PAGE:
Epoch J2000.0 Equinox J2000.0
|Right ascension||18h 50m 04.79525s|
|Declination||+33° 21′ 45.6100″|
|Apparent magnitude (V)||3.52 (3.25 – 4.36)|
|Spectral type||B7Ve + B|
|U−B color index||−0.56|
|B−V color index||+0.00|
|Variable type||β Lyr|
|Radial velocity (Rv)||−19.2 km/s|
|Proper motion (μ)||RA: 1.90 mas/yr
Dec.: −3.53 mas/yr
|Parallax (π)||3.39 ± 0.17 mas|
|Distance||960 ± 50 ly
(290 ± 10 pc)
|Absolute magnitude (MV)||−3.91|
|–6.3 ± 0.2 / –4.7 ± 0.1|
|Companion||Beta Lyrae B|
|Period (P)||12.9414 days|
|Semi-major axis (a)||0.865 ± 0.048"|
|Inclination (i)||92.25 ± 0.82°|
|Longitude of the node (Ω)||254.39 ± 0.83°|
|β Lyr A|
|Mass||13.16 ± 0.3 M☉|
|Radius||6.0 ± 0.2 R☉|
|Surface gravity (log g)||4.0 ± 0.1 cgs|
|Temperature||30,000 ± 2,000 K|
|β Lyr B|
|Mass||2.97 ± 0.2 M☉|
|Radius||15.2 ± 0.2 R☉|
|Surface gravity (log g)||2.5 ± 0.1 cgs|
Beta Lyrae bore the traditional name Sheliak (occasionally Shelyak or Shiliak), derived from the Arabic الشلياق šiliyāq or Al Shilyāk, one of the names of the constellation of Lyra in Islamic astronomy. In 2016, the International Astronomical Union organized a Working Group on Star Names (WGSN) to catalogue and standardize proper names for stars. The WGSN approved the name Sheliak for this star on 21 August 2016 and it is now so entered in the IAU Catalog of Star Names.
In Chinese astronomy, Tsan Tae (漸台 (Jiāntāi), meaning Clepsydra Terrace, refers to an asterism consisting of this star, Delta2 Lyrae, Gamma Lyrae and Iota Lyrae. Consequently, Beta Lyrae itself is known as 漸台二 (Jiāntāièr, English: the Second Star of Clepsydra Terrace.)
Beta Lyrae is a semidetached binary system made up of a stellar class B7 main sequence primary star and a secondary that is probably also a B-type star. The fainter, less massive star in the system was once the more massive member of the pair, which caused it to evolve away from the main sequence first and become a giant star. Because the pair are in a close orbit, as this star expanded into a giant it filled its Roche lobe and transferred most of its mass over to its companion. The secondary, now more massive star is surrounded by an accretion disk from this mass transfer, with bipolar, jet-like features projecting perpendicular to the disk. This accretion disk blocks humans' view of the secondary star, lowering its apparent luminosity and making it difficult for astronomers to pinpoint what its stellar type is. The amount of mass being transferred between the two stars is about 2 × 10−5 solar masses per year, or the equivalent of the Sun's mass every 50,000 years, which results in an increase in orbital period of about 19 seconds each year. The spectrum of Beta Lyrae shows emission lines produced by the accretion disc. The disc produces around 20% of the brightness of the system.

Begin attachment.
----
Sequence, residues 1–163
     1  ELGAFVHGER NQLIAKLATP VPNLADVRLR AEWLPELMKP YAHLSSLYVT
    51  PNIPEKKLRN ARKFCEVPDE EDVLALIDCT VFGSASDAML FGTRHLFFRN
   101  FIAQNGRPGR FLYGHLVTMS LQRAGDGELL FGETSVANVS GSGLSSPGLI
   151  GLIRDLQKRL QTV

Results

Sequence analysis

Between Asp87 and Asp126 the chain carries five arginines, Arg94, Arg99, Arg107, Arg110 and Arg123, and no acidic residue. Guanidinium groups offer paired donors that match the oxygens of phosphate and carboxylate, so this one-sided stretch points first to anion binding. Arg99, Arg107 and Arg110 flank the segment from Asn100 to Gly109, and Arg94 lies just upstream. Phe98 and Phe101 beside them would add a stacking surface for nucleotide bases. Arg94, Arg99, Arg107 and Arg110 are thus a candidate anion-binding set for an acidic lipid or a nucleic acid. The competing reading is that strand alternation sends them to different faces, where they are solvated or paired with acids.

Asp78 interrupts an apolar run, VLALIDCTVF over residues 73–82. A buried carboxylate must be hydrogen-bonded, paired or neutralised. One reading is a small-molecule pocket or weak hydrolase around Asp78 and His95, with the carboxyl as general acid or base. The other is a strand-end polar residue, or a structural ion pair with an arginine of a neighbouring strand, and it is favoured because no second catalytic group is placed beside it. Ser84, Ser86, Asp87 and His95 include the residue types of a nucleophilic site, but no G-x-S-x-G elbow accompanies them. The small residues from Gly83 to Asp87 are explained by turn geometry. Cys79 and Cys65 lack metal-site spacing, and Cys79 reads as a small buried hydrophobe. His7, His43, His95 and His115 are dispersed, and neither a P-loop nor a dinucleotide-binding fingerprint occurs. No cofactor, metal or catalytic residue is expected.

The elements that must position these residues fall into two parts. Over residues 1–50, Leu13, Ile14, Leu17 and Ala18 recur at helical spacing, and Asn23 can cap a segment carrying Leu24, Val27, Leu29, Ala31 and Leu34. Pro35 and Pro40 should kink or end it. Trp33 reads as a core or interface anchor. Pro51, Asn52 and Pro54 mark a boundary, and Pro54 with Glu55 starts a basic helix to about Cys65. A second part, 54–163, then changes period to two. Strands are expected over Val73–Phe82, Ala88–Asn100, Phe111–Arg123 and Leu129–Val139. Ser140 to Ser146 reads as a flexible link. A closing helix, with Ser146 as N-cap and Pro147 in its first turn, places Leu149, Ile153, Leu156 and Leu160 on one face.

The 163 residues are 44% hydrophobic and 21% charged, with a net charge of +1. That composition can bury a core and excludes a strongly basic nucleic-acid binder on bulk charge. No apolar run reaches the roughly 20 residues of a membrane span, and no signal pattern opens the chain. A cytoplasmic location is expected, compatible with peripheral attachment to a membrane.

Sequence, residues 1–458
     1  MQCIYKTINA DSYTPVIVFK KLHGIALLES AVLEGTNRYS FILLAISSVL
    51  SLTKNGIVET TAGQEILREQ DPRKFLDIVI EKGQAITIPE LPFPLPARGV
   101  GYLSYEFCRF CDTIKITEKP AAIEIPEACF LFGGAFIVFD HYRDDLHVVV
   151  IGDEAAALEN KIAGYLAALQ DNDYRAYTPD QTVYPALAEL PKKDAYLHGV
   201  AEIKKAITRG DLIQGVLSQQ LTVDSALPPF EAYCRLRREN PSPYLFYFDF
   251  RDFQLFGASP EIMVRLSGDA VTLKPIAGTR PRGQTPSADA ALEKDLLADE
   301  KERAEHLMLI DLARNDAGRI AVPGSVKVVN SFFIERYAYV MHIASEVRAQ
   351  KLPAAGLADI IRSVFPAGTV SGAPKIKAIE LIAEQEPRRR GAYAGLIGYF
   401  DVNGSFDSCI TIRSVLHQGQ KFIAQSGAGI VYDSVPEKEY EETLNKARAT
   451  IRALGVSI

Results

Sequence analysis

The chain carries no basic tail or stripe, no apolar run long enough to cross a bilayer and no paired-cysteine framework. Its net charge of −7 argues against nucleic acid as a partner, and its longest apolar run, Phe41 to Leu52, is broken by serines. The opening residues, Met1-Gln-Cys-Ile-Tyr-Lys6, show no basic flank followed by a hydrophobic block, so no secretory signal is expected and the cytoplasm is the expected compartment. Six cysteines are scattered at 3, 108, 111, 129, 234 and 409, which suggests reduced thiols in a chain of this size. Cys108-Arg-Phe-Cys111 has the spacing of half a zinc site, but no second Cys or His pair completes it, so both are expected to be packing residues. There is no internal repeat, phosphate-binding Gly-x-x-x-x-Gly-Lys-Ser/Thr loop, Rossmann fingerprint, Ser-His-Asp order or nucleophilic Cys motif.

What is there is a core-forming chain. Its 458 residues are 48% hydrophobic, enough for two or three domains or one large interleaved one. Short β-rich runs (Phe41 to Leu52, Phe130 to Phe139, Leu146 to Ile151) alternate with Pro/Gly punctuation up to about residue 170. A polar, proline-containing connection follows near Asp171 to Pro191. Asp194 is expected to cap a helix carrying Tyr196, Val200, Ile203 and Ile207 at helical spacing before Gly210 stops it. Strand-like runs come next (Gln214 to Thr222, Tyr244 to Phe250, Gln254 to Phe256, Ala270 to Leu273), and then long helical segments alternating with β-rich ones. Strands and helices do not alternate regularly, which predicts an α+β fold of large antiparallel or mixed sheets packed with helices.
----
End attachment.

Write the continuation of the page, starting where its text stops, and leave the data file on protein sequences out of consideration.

The variable luminosity of this system was discovered in 1784 by the British amateur astronomer John Goodricke. The orbital plane of this system is nearly aligned with the line of sight from the Earth, so the two stars periodically eclipse each other. This causes Beta Lyrae to regularly change its apparent magnitude from +3.2 to +4.4 over an orbital period of 12.9414 days. The two components are so close together that they cannot be resolved with optical telescopes, forming a spectroscopic binary. In 2008, the primary star and the accretion disk of the secondary star were resolved and imaged using the CHARA Array interferometer and the Michigan InfraRed Combiner (MIRC) in the near infrared H band (see video below), allowing the orbital elements to be computed for the first time.
In addition to the regular eclipses, the system shows smaller and slower variations in brightness. These are thought to be caused by changes in the accretion disc and are accompanied by variation in the profile and strength of spectral lines, particularly the emission lines. The variations are not regular but have been characterised with a period of 282 days.
In addition to the spectroscopic pair, several other companions to Beta Lyrae have been catalogued. β Lyr B, at an angular distance of 45.7", is of spectral type B7 V, has an apparent magnitude of +7.2, and can easily be seen with binoculars. It is about 80 times as luminous as the Sun and is also a spectroscopic binary with a period of 4.34 days. β Lyr C is magnitude 9.9v separation 86" and with a luminosity 7 times that of the Sun. The Washington Double Star Catalog lists three more faint companions at one to two arc minutes separation.
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